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As health care providers receiving reimbursement from the government for the care delivered to our patients, we are subject to potential review of our records and claims. This is to “assure integrity” for the services we provide to our patients.
 
However, recently I came across a list of agencies and organizations who can review our records and claims to “assure integrity” in the care we provide…and the list was long. Too long. Especially when viewed through the lens of providers who simply want to provide a good service and get paid an amount which reflects the skill they have acquired, expertise they have gained, and sacrifice they have made to become a health care provider.
 
Given the levels of review and potential audits that are in place to “assure integrity,” an undesirable level of complexity has been added to our health care system. This complexity deters the most skilled providers from providing care to patients who are reimbursed by the government. In addition, many providers who are clinical experts feel their livelihood is threatened when they are unable to understand and maintain a current knowledge of all the rules and processes imposed by these agencies and organizations who are “assuring integrity.”
 
As taxpayers, we may be glad that the government has put into place organizations working to assure integrity in health care for our taxpayer dollar by reviewing medical records and claims. However, is the review of medical records and claims a valid measurement for integrity of care?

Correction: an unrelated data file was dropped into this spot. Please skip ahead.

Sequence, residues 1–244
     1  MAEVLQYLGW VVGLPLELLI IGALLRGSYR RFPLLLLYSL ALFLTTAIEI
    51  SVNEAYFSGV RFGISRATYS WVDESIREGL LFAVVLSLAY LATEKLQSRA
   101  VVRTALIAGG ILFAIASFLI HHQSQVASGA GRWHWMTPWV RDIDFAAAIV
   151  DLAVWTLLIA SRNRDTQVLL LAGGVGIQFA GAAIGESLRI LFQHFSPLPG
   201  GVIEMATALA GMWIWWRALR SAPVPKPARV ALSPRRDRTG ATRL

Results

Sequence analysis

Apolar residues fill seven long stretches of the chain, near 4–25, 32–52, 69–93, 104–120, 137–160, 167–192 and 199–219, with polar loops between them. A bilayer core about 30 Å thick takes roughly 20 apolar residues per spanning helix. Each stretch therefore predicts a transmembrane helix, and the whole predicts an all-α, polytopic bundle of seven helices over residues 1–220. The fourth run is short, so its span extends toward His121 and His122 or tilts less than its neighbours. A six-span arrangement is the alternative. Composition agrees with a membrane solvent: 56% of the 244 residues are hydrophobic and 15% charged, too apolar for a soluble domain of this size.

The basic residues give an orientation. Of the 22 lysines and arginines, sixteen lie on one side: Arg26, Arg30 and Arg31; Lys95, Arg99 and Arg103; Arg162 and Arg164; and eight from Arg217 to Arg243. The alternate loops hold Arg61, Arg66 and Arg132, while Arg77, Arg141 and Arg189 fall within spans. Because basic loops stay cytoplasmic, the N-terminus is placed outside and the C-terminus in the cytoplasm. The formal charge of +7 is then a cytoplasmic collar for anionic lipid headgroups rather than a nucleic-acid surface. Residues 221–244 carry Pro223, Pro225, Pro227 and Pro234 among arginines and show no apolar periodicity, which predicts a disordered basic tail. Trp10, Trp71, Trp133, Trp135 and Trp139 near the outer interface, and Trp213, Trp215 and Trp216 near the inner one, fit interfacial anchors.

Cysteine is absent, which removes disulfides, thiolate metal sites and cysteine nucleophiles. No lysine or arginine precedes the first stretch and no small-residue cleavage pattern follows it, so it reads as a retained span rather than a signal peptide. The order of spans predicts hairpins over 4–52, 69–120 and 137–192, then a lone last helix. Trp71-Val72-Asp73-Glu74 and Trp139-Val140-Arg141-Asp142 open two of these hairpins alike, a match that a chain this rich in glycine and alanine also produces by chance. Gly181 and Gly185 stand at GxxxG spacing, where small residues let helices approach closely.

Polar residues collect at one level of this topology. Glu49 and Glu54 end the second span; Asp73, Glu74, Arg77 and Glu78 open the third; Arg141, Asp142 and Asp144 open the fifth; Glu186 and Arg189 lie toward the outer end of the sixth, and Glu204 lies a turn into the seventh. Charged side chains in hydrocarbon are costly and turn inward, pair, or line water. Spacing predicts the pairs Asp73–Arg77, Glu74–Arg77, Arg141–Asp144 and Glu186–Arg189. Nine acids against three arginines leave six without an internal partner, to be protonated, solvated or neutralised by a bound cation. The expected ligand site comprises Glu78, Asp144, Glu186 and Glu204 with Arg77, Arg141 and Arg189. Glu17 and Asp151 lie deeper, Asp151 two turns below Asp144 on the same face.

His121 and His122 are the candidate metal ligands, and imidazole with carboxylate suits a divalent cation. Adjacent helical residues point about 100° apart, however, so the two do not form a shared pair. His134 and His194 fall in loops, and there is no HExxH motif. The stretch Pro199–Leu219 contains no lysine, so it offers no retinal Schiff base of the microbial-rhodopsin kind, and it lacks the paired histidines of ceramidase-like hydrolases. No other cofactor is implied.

And, as they are watching over us, who is watching over them?
 
Nine Organizations Assuring Integrity for Health Care Reimbursed by the Government…

  • Recovery Audit Contractors (RACs): Can review all providers
  • Office of the Inspector General (OIG): Publishes a work plan each fall stating the providers they will review
  • Comprehensive Error Rate Testing Contractors: Potential reviews for all providers who submit claims to Medicare
  • Medicare Payment Error Rate Measurement Contractors (PERM)
  • Hospital Payment Monitoring Program: Reviews hospital claims submitted to Medicare
  • Zone Program Integrity Contractors (ZPIC): For hospitals submitting claims to Medicare
  • Qualified Independent Contractors (QIC): For hospitals submitting claims to Medicare
  • Program Safeguard Contractors (PSC): For providers submitting claims to Medicare
  • MAC/FI/Carriers: Review providers specific to geographic region and provider type

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Bridget Morehouse PT, MBA is a consultant with Steffes and Associates, a rehabilitation consulting firm based in Wisconsin.